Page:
Deep Reinforcement Learning (Deep RL) has attracted large interest in the research community due to its versatility, potential, as well as success at tasks, e.g., game playing, that have previously thought to be very difficult to tackle with machine learning. Yet, understanding, interpreting and validating the learned behavior of agents is very challenging. In this project, you work on a software environment to run, evaluate and compare algorithms in a principled way. Specifically, we are searching for ways to analyze and compare agents based on their behavioral characteristics, and how different architectures and algorithms affect these.
When evaluating the quality of trained reinforcement learning agents, researchers often only look at training metrics like achieved reward. Especially in more complex scenarios, it is challenging to infer the actual capabilities and behavior of agents from reward alone.
By jointly analyzing both metrics and the actual agent behavior in a dynamic way, we can achieve much better insights in the quality of a trained agent. We furthermore may be able to understand the effect of certain algorithmic or environment design decisions on the learning process and final results.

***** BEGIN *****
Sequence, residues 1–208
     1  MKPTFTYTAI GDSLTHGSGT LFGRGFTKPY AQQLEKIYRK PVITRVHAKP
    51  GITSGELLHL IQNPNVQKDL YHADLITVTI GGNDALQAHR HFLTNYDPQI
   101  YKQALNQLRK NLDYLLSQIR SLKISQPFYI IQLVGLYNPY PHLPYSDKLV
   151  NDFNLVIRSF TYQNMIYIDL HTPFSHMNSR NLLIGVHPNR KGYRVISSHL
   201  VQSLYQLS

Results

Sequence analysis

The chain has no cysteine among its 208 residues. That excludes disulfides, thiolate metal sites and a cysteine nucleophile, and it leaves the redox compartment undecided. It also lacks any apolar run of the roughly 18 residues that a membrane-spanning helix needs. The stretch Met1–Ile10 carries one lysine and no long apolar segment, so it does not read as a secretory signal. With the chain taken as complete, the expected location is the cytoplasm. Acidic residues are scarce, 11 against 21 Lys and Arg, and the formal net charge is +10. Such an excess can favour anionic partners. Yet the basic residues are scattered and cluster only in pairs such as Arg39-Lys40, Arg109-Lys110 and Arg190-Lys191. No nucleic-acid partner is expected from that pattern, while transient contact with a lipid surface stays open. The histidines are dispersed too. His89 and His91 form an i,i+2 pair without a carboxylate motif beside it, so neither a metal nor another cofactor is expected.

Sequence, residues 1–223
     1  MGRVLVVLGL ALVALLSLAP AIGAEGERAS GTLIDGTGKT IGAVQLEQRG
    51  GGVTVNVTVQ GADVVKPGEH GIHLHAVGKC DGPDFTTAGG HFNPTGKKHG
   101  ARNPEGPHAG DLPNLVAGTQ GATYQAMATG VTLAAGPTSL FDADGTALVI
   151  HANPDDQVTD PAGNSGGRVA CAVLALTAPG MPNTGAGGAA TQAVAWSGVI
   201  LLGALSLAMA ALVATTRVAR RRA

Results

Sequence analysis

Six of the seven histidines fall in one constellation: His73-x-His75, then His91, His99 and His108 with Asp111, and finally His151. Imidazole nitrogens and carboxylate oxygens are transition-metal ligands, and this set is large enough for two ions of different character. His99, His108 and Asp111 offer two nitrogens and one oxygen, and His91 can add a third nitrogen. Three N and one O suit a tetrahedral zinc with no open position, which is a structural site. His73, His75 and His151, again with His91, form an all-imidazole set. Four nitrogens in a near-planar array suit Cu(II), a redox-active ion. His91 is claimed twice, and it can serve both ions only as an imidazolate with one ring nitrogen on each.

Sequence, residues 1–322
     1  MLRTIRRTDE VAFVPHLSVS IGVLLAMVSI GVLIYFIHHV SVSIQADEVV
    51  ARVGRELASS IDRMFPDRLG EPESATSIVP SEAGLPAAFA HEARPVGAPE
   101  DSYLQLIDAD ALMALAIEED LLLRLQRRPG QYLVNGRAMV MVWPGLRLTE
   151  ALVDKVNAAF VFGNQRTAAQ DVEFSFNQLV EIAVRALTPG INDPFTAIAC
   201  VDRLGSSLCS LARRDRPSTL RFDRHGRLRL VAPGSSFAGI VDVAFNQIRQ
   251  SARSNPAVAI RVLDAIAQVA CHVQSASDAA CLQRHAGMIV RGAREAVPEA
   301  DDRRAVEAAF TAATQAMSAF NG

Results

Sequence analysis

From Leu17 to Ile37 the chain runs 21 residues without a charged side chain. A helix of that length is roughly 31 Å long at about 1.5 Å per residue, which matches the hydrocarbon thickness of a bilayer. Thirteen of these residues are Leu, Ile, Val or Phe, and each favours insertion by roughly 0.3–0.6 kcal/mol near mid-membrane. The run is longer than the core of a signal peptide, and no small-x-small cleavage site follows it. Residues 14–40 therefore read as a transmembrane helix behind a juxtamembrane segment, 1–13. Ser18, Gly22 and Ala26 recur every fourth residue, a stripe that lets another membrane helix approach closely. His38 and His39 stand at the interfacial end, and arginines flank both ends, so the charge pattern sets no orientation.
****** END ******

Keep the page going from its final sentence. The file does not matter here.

- Familiarize yourself with the basic concepts of Reinforcement Learning
- Select and integrate environments (following the OpenAI Gym Standard) for shared benchmarking of agents
- Train Agents with varying algorithms. Apply hyper-parameter tuning. This step can be done based on existing code
- Run trained agents and achieve first observations of behavioral characteristics
- Implement and integrate a visualization to analyze agent behavior. The visualization can be integrated into an existing software framework.
Familarity with machine learning concepts.
Basic knowledge of Deep Learning architectures and algorithms
- Scope: Bachelor/Master
- 3 Month Project, 3 Month Thesis
- Start: immediately
 DQNViz: A Visual Analytics Approach to Understand Deep Q-Networks, Wang, Gou, Shen, Yang, 2018, IEEE VIS
 Unmasking Clever Hans predictors and assessing what machines really learn, Lapuschkin, Sebastian, et al., 2019, Nature communications 10.1 (2019): 1-8.
 Deep Reinforcement Learning that Matters, Peter Henderson, Riashat Islam, Philip Bachman, Joelle Pineau, Doina Precup, David Meger, 2017, AAAI